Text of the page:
CAGV Celebrates 19 Years

On Sunday, April 6, 2014, CAGV is proud to celebrate its 19th Anniversary as the only gun control organization on the Central Coast. 

This year CAGV’s Annual Luncheon will feature keynote speaker, Lawrence Rosenthal, JD, who will address “The Constitutional Case For Gun Control.” After graduating from Harvard Law School, where he won the Fay Diploma and was an editor of the Harvard Law Review, Professor Rosenthal clerked for Judge Prentice Marshall of the U.S. District Court for the Northern District of Illinois and Justice John Paul Stevens of the United States Supreme Court. Professor Rosenthal entered the practice of law as an Assistant U.S. Attorney for the Northern District of Illinois, specializing in organized crime and public corruption prosecutions. Among other things, he brought the first racketeering case involving insider trading, and secured the longest sentence in the history of the district in an organized crime case (200 years). He subsequently joined the City of Chicago’s Department of Law, where he was Deputy Corporation Counsel for Counseling, Appeals, and Legal Policy. In that capacity, he argued three cases in the United States Supreme Court, and supervised a large volume of complex litigation as well as legislative policy matters. To his great embarrassment, Professor Rosenthal was named by Chicago Magazine as one of “Chicago’s 25 Toughest Lawyers.” Since then, he tries to be nicer. Professor Rosenthal joined Chapman University faculty in Orange, California in the fall of 2005 where he teaches Constitutional Argument, First Amendment Law, Civil Rights, Criminal Law, Criminal Procedure and Local Government Law. He also continues to engage in litigation in the United States Supreme Court and other appellate courts, usually on a pro bono basis.

Professor Rosenthal has teamed up with UCLA Law School Professor Adam Winkler to write a chapter in the recently published book, “REDUCING GUN VIOLENCE IN AMERICA: Informing Policy with Evidence and Analysis” (Daniel W. Webster & Jon S. Vernick eds. 2013) that analyzes the efficacy of firearms regulation. In their study, “The Scope of Regulatory Authority Under the Second Amendment,” Rosenthal and Winkler analyze the emerging jurisprudential framework for assessing the validity of firearms regulation under the Second Amendment to the United States Constitution. This emerging framework, the authors contend, preserves substantial regulatory authority for federal, state, and local governments. The authors then assess the constitutionality of the leading proposals for regulatory reform that have emerged in the wake of the tragic events at Sandy Hook Elementary School in Newtown, Connecticut.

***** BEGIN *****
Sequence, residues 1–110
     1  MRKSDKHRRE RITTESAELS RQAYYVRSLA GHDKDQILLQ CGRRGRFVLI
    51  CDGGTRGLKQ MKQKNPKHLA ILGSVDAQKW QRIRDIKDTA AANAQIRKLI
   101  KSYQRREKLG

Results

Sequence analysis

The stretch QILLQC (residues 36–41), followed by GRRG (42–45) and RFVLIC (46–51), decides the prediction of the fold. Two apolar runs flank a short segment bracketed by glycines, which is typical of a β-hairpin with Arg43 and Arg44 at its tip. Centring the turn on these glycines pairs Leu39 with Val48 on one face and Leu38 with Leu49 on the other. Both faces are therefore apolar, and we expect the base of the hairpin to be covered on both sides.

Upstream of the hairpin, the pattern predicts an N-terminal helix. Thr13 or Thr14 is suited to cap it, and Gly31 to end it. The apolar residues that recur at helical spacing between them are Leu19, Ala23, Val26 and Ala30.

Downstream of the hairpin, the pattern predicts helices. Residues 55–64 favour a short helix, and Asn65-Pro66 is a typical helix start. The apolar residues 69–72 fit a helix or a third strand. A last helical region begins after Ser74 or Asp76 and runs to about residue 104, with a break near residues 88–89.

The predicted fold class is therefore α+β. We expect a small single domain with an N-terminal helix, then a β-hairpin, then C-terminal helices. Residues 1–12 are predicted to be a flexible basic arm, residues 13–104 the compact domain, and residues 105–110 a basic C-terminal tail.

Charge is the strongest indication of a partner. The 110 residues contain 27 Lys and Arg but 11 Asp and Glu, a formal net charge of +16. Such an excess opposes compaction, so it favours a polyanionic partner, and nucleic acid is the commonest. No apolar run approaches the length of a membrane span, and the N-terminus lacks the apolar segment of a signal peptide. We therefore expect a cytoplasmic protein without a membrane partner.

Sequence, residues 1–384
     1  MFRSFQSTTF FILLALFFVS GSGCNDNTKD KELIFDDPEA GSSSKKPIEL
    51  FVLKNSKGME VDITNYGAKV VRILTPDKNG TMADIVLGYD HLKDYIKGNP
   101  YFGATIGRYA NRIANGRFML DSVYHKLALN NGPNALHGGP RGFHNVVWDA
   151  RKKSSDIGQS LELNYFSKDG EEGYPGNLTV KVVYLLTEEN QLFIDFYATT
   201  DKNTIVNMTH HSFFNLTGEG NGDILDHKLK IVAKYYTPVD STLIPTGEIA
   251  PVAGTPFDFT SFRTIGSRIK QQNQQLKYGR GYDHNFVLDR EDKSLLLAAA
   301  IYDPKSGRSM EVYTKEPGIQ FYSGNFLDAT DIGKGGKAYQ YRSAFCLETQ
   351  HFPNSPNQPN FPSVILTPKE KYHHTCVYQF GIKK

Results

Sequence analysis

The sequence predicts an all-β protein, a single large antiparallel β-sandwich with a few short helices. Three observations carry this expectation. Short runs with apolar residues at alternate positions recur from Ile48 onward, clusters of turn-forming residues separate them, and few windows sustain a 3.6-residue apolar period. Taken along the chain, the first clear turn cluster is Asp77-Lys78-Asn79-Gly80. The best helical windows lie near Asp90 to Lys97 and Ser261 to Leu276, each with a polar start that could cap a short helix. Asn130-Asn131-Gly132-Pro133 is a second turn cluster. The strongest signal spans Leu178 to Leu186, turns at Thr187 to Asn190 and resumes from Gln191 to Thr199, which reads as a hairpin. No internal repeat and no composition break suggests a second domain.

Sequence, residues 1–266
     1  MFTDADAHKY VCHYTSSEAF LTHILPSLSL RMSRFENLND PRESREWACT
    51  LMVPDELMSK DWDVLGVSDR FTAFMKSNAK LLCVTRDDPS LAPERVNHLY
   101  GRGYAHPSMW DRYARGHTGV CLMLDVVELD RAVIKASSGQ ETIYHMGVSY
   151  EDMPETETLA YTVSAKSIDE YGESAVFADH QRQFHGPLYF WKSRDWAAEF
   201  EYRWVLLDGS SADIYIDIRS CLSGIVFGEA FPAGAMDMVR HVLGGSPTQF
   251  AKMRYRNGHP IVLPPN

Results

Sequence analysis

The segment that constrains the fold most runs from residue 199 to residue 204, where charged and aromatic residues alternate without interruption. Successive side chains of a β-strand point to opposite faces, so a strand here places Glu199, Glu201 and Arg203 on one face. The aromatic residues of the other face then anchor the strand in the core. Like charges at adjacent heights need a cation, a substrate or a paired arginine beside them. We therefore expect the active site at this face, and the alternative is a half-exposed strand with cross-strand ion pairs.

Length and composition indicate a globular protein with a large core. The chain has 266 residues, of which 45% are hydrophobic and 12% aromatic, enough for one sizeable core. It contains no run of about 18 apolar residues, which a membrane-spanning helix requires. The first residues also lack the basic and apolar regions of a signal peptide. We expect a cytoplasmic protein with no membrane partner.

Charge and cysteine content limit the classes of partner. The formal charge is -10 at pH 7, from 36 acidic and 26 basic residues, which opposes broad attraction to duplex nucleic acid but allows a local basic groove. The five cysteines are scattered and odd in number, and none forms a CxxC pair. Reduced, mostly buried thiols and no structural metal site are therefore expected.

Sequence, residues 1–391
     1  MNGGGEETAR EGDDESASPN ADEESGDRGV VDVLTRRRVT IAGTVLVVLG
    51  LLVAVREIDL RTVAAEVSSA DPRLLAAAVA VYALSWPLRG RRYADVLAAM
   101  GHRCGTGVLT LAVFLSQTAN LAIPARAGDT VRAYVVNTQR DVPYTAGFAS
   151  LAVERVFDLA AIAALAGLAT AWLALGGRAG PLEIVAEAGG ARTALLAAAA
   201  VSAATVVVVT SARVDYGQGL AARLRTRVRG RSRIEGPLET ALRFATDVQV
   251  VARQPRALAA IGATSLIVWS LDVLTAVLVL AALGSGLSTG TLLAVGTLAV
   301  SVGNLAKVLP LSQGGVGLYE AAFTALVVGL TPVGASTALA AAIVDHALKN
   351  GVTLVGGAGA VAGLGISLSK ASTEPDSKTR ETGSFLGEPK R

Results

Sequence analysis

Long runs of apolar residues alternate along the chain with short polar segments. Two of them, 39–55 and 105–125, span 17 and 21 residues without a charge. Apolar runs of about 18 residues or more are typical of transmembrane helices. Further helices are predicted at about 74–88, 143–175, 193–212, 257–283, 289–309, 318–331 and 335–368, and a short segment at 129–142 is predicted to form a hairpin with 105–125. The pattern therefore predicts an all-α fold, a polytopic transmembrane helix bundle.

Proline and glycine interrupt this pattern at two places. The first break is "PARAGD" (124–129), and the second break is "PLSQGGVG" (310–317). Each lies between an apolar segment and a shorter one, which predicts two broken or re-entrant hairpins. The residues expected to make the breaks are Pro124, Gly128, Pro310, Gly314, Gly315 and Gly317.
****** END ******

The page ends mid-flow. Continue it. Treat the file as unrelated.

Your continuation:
They conclude, “The second ammendment leaves Congress and the state and local governments significant regulatory power, at least when they do not compromise the core right recognized in Heller and regulate with substantial justification. … As one federal appellate tribunal put it: ‘This is serious business. We do not wish to be even minutely responsible for some unspeakably tragic act of mayhem because in the peace of our judicial chambers we miscalculated as to Second Amendment rights.’” (U.S. v. Masciandaro, 4th Cir. 2011) 

 

Professor Rosenthal says he is an optimist and that policy always follows the facts. To that end he believes the most significant action since Sandy Hook are the Presidential executive orders regarding the funding restrictions on the CDC and the NHI because data makes the case for gun violence prevention. This is similar to the recent successful attacks on the tobacco industry. The NRA knows this, which is why they worked through Congress to close down funding for the CDC regarding firearm statistics. Guns have been a disaster for the poor and disadvantaged and he is in favor of a well-regulated stop and frisk in order to make it risky to carry guns. Professor Rosenthal points to how long it takes historically to affect major change using the example of women’s rights and civil rights. Therefore, the effort to effectively change the culture of America regarding firearms has a long way to go, as does the continuing struggle for women’s rights and civil rights. And in major ways all three are connected.

Professor Rosenthal lives in Long Beach with his wife, Kate Sachnoff, who is a consultant with AdvoKate Consulting – a firm working with non-profits, foundations and local governments on consensus building and negotiation on policy issues and priorities. They have one daughter, Sasha.

Please welcome Professor Rosenthal to Santa Barbara and listen to an expert on the constitutional argument and reducing gun violence in America. Your support is critical to CAGV’s continued success. Your voice and your support are needed now more than ever. For reservations/information: 805.564.6803. 

Toni Wellen is the chair of the Santa Barbara Coalition Against Gun Violence. She lives in Carpinteria.